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Industry says UK’s non-recognition of Indian vaccine certificates ‘unfair’

India is the leading vaccine manufacturer for the world. Not recognising India's vaccine certificate is not acceptable, Dr Alok Roy, Chair of FICCI Health Services Committee, said. India’s digital certification is far more reliable than other countries’ manual systems, tweeted Kiran Mazumdar-Shaw, Chairperson of Biocon.

September 23, 2021 / 03:18 PM IST
The government spent Rs 9,229.31 crore between March and July to procure 124 crore doses from three manufacturers.

The government spent Rs 9,229.31 crore between March and July to procure 124 crore doses from three manufacturers.

The Indian industry has termed the UK government's non-recognition of vaccine certificates issued by India as unfair, and sought the free flow of travel between both the countries.

The UK, on September 22, included Covishield in the list of vaccines that it recognises, but raised doubts over the Indian COVID-19 vaccination certification process. Due to this, even travellers fully vaccinated with Covishield from India will need to quarantine in the UK on arrival under relaxed rules from October 4.

“Let’s hope CoWin will be accepted to put an end to this needless controversy and enable free flow of travel in both directions!" tweeted Kiran Mazumdar-Shaw, Chairperson of Biocon.

Shaw, in another tweet, said India’s digital certification is far more reliable than other countries’ manual systems. “Is UK trying to make money on PCR tests?" she said.

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COVID-19 Vaccine

Frequently Asked Questions

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How does a vaccine work?

A vaccine works by mimicking a natural infection. A vaccine not only induces immune response to protect people from any future COVID-19 infection, but also helps quickly build herd immunity to put an end to the pandemic. Herd immunity occurs when a sufficient percentage of a population becomes immune to a disease, making the spread of disease from person to person unlikely. The good news is that SARS-CoV-2 virus has been fairly stable, which increases the viability of a vaccine.

How many types of vaccines are there?

There are broadly four types of vaccine — one, a vaccine based on the whole virus (this could be either inactivated, or an attenuated [weakened] virus vaccine); two, a non-replicating viral vector vaccine that uses a benign virus as vector that carries the antigen of SARS-CoV; three, nucleic-acid vaccines that have genetic material like DNA and RNA of antigens like spike protein given to a person, helping human cells decode genetic material and produce the vaccine; and four, protein subunit vaccine wherein the recombinant proteins of SARS-COV-2 along with an adjuvant (booster) is given as a vaccine.

What does it take to develop a vaccine of this kind?

Vaccine development is a long, complex process. Unlike drugs that are given to people with a diseased, vaccines are given to healthy people and also vulnerable sections such as children, pregnant women and the elderly. So rigorous tests are compulsory. History says that the fastest time it took to develop a vaccine is five years, but it usually takes double or sometimes triple that time.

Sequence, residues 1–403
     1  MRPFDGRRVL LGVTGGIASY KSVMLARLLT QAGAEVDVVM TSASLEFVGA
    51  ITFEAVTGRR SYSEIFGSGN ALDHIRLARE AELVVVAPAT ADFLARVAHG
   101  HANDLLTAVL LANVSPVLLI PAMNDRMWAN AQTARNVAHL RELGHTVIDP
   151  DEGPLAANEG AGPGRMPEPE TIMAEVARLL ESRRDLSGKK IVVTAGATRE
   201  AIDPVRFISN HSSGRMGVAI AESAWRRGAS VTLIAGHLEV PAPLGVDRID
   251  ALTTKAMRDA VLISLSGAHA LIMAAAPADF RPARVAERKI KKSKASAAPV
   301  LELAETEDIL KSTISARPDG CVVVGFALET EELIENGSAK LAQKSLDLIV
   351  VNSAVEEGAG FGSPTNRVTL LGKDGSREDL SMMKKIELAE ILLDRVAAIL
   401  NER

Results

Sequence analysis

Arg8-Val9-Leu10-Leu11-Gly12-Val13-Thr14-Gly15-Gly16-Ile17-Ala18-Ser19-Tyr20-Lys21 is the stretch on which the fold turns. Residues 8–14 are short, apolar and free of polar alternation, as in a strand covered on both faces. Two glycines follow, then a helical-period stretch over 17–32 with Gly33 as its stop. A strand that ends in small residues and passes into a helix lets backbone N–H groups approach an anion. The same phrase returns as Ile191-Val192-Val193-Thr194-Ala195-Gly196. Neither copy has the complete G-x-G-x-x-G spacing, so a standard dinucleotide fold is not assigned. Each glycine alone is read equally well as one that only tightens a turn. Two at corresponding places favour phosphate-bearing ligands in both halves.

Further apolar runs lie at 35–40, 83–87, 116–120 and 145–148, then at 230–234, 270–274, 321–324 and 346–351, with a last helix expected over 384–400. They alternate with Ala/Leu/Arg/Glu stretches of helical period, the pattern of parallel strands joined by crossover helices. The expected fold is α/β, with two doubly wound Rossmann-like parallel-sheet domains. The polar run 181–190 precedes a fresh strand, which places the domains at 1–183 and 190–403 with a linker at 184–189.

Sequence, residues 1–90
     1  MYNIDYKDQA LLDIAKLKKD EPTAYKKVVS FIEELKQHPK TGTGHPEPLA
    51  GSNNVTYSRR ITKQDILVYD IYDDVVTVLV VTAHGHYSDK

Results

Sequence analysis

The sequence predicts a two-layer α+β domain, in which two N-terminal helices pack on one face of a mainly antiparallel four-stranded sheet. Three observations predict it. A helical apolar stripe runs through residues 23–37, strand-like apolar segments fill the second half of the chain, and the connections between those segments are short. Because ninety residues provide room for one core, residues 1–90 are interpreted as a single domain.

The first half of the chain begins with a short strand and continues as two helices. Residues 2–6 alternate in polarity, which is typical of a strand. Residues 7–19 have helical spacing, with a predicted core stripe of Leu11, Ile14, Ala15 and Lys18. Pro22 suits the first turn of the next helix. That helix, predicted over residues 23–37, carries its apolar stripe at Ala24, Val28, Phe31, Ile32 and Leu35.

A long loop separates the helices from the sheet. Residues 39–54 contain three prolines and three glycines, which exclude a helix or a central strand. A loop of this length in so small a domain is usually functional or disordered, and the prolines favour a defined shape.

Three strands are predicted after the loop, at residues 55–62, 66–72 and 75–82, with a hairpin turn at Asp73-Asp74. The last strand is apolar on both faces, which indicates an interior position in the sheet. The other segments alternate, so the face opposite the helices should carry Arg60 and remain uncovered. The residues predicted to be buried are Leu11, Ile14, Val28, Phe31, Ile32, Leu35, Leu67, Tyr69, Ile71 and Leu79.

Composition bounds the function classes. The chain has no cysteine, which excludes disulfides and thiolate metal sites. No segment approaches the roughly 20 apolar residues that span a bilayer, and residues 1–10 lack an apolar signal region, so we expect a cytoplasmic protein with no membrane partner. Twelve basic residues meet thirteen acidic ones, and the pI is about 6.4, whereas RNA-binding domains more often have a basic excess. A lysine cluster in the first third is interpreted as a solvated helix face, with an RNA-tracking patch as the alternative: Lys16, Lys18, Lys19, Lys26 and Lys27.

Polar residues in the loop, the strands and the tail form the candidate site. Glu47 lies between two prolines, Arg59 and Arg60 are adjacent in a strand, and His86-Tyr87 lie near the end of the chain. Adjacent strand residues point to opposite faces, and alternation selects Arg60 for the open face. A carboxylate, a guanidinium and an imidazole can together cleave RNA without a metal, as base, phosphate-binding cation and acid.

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The Federation of Indian Chambers of Commerce & Industry (FICCI) called the non-recognition of India's vaccine certificate as "unfair".

"India is the leading vaccine manufacturer for the world. Not recognising India's vaccine certificate is not acceptable," said Dr Alok Roy, Chair of FICCI Health Services Committee and Chairman of Kolkata-based Medica Superspecialty Hospital.

Expect quick resolution

Dr Harsh Mahajan, President of NATHEALTH, expressed confidence that the issue of Indian vaccine certificates will get sorted out before the implementation of new COVID rules for travellers to England on October 4.

NATHEALTH represents all the large service providers of India's private healthcare.

“The very fact that the British High Commissioner had a meeting with RS Sharma, the CEO of the National Health Authority, to understand the certification process augurs well for Indian citizens having unhindered access to the UK," Mahajan said.

"The Indian vaccination and certification process is fool-proof and highly professionally managed, and I am sure that further information exchange between the authorities of the two countries would lead to seamless travel without the need to quarantine fully vaccinated persons," Mahajan added.

Prime Minister Narendra Modi called on countries to ease travel. “We also need to focus on addressing the pandemic’s economic effects. To that end, international travel should be made easier, through mutual recognition of vaccine certificates," a Twitter statement issued by the Prime Minister’s Office said.

Foreign Secretary Harsh Vardhan Shringla on Tuesday had described the decision of the UK government to not recognise Covishield as discriminatory and warned of reciprocal action.

Viswanath Pilla is a business journalist with 14 years of reporting experience. Based in Mumbai, Pilla covers pharma, healthcare and infrastructure sectors for Moneycontrol.
first published: Sep 23, 2021 03:18 pm

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